With Halloween being tomorrow and all, there has been a lot of discussion and cable-TV programming about the paranormal. Apparitions. Visits from the other side of the mortal coil. Some people find this topic “scary.” I quite frankly welcome the presence of ghosts – even mean-spirited (no pun intended) ones – because to me that means there is … an afterworld. And as Prince once said, that is “something else” (and things are much harder in this life).
So I have one and only one ghost story of my own that I thought I’d share at this opportune moment. I’ve talked about my maternal grandmother in this venue before. Famously strong personality, fiercely independent, frugal to a fault (my Dad, her son-in-law, had to make a calligraphed sign for her refrigerator that read, “When in doubt, throw it out!” for fear that she would eat spoiled food long before she would deign to toss it).
As previously mentioned, she was ‘green’ before that phrase was coined. She washed and re-used aluminum foil and Ziploc bags. Took junk mail and used the back (blank) side for lists and letters. Waste was her least favorite thing in the world (after ‘Midwestern’ accents).
Back to the ghost story. Mamere passed in the summer of 2000 after a long life spanning almost 93 years and begetting three children, 10 grandchildren, and six great-grandchildren (since her passing, that third generation has expanded to 11). Even in her final months, she continued to educate those around her, editing the newsletter at her retirement home and reading to the visually impaired. So while it was sad to bid her farewell, it was a celebration of a unique life well-lived until the very end.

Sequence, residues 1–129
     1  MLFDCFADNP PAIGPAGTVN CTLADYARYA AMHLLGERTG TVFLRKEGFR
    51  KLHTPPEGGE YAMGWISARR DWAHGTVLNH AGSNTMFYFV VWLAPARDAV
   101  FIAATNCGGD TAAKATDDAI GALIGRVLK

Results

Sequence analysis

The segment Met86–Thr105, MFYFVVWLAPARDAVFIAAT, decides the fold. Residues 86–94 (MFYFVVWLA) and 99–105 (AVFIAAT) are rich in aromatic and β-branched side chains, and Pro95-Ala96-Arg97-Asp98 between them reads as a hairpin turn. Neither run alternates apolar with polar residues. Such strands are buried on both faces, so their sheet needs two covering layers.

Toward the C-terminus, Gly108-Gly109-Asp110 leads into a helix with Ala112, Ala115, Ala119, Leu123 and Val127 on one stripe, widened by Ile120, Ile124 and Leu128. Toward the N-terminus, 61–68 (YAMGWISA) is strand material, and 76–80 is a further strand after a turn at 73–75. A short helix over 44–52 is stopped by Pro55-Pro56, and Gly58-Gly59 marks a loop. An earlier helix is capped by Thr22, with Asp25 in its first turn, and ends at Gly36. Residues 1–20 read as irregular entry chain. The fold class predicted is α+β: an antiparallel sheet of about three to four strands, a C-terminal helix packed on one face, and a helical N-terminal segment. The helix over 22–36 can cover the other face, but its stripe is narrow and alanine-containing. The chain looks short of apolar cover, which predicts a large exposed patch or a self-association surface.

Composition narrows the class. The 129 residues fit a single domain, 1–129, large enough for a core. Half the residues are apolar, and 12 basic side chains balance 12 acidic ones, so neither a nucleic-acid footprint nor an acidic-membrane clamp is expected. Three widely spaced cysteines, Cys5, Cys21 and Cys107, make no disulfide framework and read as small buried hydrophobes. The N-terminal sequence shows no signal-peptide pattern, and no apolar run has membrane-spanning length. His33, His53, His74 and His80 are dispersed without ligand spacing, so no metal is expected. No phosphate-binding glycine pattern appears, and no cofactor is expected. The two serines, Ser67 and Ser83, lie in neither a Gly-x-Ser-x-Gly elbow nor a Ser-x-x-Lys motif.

Shortly after returning home to my Cincinnati apartment after the New Orleans (non-jazz) funeral, I was using my windowless bathroom. The door was shut. For whatever reason (laziness), I ignored the one-third-of-a-roll’s worth of toilet paper directly across from my sitting place and grabbed a new roll from the back of the commode . Instantly, the proper roll, the roll that was already attached to the holder, began rapidly unspooling. And unspooling. Until all of the toilet paper was gathered on the floor, comme ça:
I just had to laugh. I was convinced this was my ecological grandmother reprimanding me for grabbing a new roll before it was high time to do so. Now …. in doing so, of course, she essentially wasted a roll to prove her point, but what’s she going to do. She was incorporeal.
I told this story tonight to my friend Bridget, who asked why I didn’t flip out or get scared (side note, this was after watching The Sixth Sense, the twisted-ending of which Bridget had no knowledge?? How???).
But why didn’t I get scared? I don’t know. I expect because I knew it was just my grandmother, and she meant me no harm. Just wanted to gently remind me that she was still watching, and still hoping I made good decisions around the house. And in life.
Happy Halloween, everyone. Remember that candy corn is a fat-free food.